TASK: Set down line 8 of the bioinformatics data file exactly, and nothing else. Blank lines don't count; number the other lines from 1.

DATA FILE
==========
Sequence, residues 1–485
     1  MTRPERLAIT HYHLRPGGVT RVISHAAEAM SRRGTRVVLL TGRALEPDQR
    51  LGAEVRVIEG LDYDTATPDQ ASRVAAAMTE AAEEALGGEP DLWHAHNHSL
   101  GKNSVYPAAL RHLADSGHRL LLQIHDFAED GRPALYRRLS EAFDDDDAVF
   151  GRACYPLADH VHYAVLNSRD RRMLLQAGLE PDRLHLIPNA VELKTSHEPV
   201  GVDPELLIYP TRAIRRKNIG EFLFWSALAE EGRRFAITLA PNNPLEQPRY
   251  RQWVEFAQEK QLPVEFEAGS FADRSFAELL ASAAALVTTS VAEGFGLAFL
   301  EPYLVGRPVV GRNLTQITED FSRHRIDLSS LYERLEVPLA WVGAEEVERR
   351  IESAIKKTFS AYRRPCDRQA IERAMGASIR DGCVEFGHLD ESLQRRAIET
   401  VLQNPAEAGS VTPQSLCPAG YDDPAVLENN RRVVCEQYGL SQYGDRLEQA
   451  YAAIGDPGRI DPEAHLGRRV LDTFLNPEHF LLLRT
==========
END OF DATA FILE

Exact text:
   301  EPYLVGRPVV GRNLTQITED FSRHRIDLSS LYERLEVPLA WVGAEEVERR